• Gets the music but black screen.

    Too bad the author did not develop the game multi-platform :(

    For an independent game developer it is quite sad to lose the opportunity to cater an audience (OSX and Linux users) that is lacking (AAA) games and probably quite interested in this kind of physics-based yet casual game altogether.

    • Re: (Score:1, Informative)

      by Anonymous Coward

      Seems to work for others though:

      http://www.vimeo.com/2828541

    • Does not work under Wine

      Too bad the author did not develop the game multi-platform :(

      Yes it is a shame. But what does it have to do with Wine? You're talking about two different subjects: a) Will the game run under Wine; and b) is the game cross-platform. Obviously the cross-platform approach is ideal (and I agree with you I think). But you're conflating two different subjects. A program able to run under Wine is not cross-platform.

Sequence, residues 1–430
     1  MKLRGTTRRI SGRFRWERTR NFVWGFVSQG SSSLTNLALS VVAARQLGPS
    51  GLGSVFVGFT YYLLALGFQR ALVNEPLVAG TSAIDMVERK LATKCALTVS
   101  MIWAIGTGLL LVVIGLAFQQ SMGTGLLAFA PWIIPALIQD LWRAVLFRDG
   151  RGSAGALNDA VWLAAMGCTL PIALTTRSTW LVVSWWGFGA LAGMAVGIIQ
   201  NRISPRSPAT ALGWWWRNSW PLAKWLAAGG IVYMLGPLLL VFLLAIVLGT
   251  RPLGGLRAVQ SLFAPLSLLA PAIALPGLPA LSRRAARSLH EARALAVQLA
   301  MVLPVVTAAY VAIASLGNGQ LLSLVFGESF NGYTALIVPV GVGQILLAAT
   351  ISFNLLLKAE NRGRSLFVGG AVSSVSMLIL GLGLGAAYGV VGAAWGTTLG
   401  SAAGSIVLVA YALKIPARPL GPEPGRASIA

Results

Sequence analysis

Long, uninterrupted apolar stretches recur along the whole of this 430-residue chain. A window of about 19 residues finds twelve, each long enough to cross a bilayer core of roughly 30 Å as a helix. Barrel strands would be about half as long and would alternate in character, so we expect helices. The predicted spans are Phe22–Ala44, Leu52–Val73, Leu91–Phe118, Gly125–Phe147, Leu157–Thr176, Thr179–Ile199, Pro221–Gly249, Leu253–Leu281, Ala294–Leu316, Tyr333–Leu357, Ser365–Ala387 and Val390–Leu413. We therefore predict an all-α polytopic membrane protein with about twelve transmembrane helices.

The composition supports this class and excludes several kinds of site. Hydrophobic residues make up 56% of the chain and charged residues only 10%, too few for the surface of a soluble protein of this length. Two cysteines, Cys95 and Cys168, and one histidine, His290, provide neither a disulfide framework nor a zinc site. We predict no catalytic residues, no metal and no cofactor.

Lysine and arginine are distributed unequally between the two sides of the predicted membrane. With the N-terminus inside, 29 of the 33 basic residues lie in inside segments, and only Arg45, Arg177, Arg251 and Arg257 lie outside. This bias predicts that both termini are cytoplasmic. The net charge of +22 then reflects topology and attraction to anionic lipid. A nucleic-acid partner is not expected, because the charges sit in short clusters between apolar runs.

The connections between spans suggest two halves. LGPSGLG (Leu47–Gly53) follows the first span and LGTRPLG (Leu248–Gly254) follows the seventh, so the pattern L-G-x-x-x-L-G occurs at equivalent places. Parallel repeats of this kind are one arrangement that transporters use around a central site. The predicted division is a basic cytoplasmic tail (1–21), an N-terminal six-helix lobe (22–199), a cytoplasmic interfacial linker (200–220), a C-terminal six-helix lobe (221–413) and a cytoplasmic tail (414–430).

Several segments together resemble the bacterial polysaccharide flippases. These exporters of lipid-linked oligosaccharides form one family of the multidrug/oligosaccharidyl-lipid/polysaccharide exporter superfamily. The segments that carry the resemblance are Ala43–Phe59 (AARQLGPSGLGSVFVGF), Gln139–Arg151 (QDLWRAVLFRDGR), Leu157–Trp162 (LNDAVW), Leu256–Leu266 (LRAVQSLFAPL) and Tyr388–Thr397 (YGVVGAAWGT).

• by Ynot_82 (1023749)

      Works for me under Wine
      (Ubuntu 9.04)

    • by bomanbot (980297)
      Well at least the author plans do a Mac and a Linux version in the future. From the FAQ [kloonigames.com]:

      Is there a Mac / Linux port
      Unfortunately not at this moment. I'm planning of doing these as soon as I'm done with the PC version of the game, but I can't promise anything at this point.


      Also, since there is an iPhone /iPod Touch version already, I think making a Mac version should be relatively doable anyway.
    • by hahiss (696716)

      Under Ubuntu 8.04.1 and Wine 1.1.12, I was able to get it to install and run the first time (The only problem I found with it on the first run is that the cursor doesn't quite line up on the Options screen--the cursor appears to be in one location, but clicks register elsewhere. This doesn't happen in the game itself.)

      However, when I tried to run it again, I ended up with just the black screen.

  • I just downloaded the demo to try it out and spent an hour. It's like the old bridge building games. Fun with gravity! Not sure how realistic the physics are... but who cares? It's midnight Slashdotting :)